Negotiating a financial settlement rather than completing the works yourself also means that you are free to concentrate on your business, rather than being distracted by arranging and supervising building works.
Something to consider about taking this route, however, is that if your landlord takes care of the works you may not know your exact settlement figure until months or even years after lease end. The implication of this could be that you may not be able to commit funds elsewhere until the claim has been settled.
Taking advice from an expert dilapidations as early as possible would make sure that you have as much information as possible about your potential financial liability.
Do be careful who you go to for advice, though. A lot of building surveyors who offer dilapidations advice actually only have a light touch of understanding dilapidations. Using a non-specialist surveyor could be a costly mistake, so make sure you do your research and choose a surveyor who can prove their track record and expertise in this area.
You might have started to complete some works before taking advice from a dilapidations surveyor, or you might have run out of time to complete the works before lease end.
You might even have completed all the works and still received a residual claim from your landlord.
This wouldn’t be an issue, as any claim remaining after you have completed works can be negotiated with your landlord by your dilapidations surveyor.
If you have in-house resources to complete works significantly more cost-effectively than the landlord is estimating, it might make sense to carry out these works in-house rather than pass on the profit margin to another company.
The pros and cons we have outlined earlier in this article still apply here, but proportionately, depending on the amount of work completed and the amount of claim which needs to be negotiated.
No matter how good your relationship is with your landlord during the term of your lease, it could still be difficult to negotiate a dilapidations claim informally, as your interests are no longer aligned.
In a word of caution, parties to a lease can sometimes take the conflict of a dilapidations claim very personally, particularly with smaller landlords and tenants, which might not be a great experience to go through.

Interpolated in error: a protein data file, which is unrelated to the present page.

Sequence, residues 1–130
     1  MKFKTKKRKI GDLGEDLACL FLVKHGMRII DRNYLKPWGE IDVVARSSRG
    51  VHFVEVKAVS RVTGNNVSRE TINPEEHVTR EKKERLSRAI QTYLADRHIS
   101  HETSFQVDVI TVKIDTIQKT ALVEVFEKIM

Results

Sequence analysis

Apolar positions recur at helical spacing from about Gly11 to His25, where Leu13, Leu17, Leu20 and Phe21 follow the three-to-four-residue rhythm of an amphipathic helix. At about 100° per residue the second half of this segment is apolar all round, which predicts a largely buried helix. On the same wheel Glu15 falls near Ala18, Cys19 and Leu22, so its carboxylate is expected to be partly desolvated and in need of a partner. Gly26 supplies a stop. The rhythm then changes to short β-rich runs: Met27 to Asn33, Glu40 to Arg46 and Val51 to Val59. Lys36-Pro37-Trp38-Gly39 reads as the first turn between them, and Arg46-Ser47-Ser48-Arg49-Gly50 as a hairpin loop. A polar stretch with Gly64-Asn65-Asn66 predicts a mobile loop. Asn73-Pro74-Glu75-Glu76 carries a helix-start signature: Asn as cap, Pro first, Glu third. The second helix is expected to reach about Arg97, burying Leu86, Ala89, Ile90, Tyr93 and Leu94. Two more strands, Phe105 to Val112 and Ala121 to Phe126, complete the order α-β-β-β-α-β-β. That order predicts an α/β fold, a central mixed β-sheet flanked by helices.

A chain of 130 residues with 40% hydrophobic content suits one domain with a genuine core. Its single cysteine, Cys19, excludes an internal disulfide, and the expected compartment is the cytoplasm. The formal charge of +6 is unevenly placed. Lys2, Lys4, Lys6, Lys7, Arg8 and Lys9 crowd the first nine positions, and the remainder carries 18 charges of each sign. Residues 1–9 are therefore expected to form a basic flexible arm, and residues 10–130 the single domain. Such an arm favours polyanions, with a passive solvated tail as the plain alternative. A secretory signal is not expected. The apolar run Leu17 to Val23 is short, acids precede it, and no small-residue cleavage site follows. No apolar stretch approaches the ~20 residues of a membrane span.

Also, coming to an informal agreement with your landlord might not be a level playing field, as they will often be a seasoned property professional. Just like any other business arrangement, it is important to take independent advice, as any advice given by your landlord could be significantly balanced in their favour.
Depending on what you agree, you could be committing tens of thousands of pounds for no apparent benefit to you or your business, so we recommend that you treat this as any other business transaction, and complete proper due diligence by taking specialist advice.
This might result in some short-term relationship strain, but your bank balance will thank you.
We always advocate that tenants should take advice from a specialist dilapidations surveyor around six to 12 months from your lease end date.
This will give you plenty of time to weigh up your options and arrange any building works if necessary.
Everyone’s circumstances are unique. We have a team of expert and highly experienced dilapidations surveyors who can confidently and knowledgeably negotiate your dilapidations claim, hopefully saving you a substantial amount of money.
If you would like to talk through your dilapidations situation, please get in touch.
We have a range of videos talking through various surveying services, including negotiating dilapidations claims. You can access them via our website or our YouTube channel. If your query is not covered in our videos and blogs, please don’t hesitate to get in touch.
We would be more than happy to help you.
Call our friendly, expert and highly qualified surveyors on 023 8155 0051, or email us at email@example.com. We would welcome the opportunity to help with any queries or needs you may have.